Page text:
With an increase in tooth decay and gum diseases all over the world, there is a need to produce oral cleaning agents that will better control caries-causing bacteria.
Types of chewing sticks
Three common chewing sticks – Fagara zanthoxyloides (FZ), Vernonia amygdalina (VA) and Massularia accuminata (MA)- and two brands of toothpaste- Close Up and Macleans- were evaluated for their anti-caries activities.
We have different types of chewing sticks but the most popular and good ones are;
Massularia acumita (pako ijebu) :
– It cleans the teeth and also whitens teeth.
– The mineral analysis revealed that the percentage composition of sodium ion, potassium ion, calcium ion, and zinc ion, in Massularia acumita (pako ijebu) is higher than others. Hence, it is most commonly used in society for teeth cleaning and removing stains, plaque.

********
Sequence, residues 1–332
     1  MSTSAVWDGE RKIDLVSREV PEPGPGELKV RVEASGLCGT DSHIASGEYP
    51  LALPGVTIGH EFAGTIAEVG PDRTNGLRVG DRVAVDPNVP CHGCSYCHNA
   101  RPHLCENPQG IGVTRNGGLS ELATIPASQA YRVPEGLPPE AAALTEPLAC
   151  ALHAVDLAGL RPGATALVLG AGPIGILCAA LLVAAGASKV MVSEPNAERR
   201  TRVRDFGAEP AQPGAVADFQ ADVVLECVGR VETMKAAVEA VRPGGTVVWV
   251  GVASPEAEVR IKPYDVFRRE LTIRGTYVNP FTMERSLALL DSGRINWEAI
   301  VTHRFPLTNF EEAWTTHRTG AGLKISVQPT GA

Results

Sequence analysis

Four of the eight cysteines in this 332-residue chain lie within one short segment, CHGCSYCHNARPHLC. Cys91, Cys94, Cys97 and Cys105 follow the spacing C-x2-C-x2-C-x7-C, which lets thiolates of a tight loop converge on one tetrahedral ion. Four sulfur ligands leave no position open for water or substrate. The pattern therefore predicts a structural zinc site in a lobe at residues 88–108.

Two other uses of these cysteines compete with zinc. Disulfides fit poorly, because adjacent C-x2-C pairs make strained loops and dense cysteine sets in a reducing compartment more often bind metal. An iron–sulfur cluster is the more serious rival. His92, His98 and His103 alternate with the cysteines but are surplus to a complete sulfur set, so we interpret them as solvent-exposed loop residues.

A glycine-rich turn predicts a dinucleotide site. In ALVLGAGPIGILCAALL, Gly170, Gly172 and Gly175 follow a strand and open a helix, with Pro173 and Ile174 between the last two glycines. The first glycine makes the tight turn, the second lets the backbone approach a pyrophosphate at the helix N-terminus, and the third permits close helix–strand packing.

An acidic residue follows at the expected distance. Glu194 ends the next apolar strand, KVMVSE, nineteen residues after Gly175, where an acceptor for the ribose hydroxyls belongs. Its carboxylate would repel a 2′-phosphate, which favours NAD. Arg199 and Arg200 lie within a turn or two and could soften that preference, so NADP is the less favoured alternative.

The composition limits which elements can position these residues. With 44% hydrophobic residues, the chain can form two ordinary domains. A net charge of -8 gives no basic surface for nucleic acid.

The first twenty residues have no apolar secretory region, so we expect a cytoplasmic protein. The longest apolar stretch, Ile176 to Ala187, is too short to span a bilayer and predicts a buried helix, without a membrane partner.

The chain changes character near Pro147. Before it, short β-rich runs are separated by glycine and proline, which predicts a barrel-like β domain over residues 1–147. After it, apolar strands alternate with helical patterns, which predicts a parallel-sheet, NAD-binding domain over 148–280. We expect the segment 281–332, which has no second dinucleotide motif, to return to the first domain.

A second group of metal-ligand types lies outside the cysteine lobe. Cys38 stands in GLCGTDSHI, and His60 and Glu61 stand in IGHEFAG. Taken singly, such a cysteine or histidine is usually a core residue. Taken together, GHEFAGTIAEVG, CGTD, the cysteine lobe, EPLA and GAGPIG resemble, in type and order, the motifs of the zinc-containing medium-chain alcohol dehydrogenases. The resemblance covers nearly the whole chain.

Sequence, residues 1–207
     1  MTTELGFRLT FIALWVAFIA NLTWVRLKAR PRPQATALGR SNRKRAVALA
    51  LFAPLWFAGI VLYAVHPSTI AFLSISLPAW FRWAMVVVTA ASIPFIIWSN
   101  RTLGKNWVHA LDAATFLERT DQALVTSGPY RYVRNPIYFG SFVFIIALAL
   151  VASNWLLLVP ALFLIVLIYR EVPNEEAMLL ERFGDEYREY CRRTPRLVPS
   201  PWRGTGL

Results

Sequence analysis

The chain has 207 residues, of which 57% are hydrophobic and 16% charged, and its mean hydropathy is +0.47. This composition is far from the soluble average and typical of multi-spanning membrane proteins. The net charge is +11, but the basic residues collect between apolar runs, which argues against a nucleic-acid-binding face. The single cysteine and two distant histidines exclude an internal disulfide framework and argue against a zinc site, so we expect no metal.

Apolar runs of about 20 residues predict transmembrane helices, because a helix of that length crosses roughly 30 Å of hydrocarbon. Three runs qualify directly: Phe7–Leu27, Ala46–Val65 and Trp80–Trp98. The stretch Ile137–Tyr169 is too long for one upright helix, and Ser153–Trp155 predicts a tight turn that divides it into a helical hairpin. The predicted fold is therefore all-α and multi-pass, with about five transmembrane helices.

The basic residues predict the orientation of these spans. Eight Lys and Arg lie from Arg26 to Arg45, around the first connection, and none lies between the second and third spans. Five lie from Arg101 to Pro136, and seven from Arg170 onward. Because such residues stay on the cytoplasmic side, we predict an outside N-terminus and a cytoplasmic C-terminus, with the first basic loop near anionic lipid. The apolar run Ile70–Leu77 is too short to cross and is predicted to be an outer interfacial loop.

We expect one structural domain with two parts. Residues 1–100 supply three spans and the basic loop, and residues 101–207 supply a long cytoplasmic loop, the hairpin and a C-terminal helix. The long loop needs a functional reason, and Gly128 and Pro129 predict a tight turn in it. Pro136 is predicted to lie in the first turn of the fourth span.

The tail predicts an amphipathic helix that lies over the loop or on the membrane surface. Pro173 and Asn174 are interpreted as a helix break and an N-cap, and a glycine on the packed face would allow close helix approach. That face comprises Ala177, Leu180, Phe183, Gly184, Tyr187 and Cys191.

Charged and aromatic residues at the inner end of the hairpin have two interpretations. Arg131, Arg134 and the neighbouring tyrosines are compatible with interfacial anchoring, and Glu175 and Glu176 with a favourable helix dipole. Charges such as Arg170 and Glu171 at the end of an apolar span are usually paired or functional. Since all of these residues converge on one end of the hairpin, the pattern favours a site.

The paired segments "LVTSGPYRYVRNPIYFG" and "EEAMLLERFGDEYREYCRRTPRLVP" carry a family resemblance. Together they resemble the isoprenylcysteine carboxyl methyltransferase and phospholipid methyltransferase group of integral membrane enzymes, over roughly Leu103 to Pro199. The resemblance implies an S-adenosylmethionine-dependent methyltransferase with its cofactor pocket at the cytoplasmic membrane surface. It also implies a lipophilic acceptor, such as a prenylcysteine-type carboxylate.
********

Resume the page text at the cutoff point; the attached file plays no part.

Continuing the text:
Orin Ata (zanthoxylum zanthoxyloides):
– It cleans teeth. also, it might help to arrest sickle cell anemia.
Orin ayan (Distemonanthus benthamianus)
It whitens teeth and removes dental plaque and food deposit
pseudocedrela kotschyl (Emigbegiri)
– It cleans teeth.
– And also it is capable of curing gum diseases and other mouth-related diseases.
The scientific proof can be found in Africans journal online here
These plants have also been reported to possess antisickling, antiparasitic and antiseptic activities and have been known to be used to treat other ailments including toothache, bad breath, sexual impotence, gonorrhea, malaria, dysmenorrhoea, urinary and venereal diseases, and abdominal pain.
The advantage of the chewing sticks over the conventional toothpaste
Until now, some of these chewing sticks have been shown to possess varying degrees of antimicrobial activity against oral microbial flora which indicates, therefore, that the chewing sticks, in addition to providing mechanical stimulation of the gums, also destroy microbes, a feature which is absent in the common toothpaste and brush method. This advantage of the chewing sticks over the conventional toothpaste and brush could explain why many Africans have strong teeth.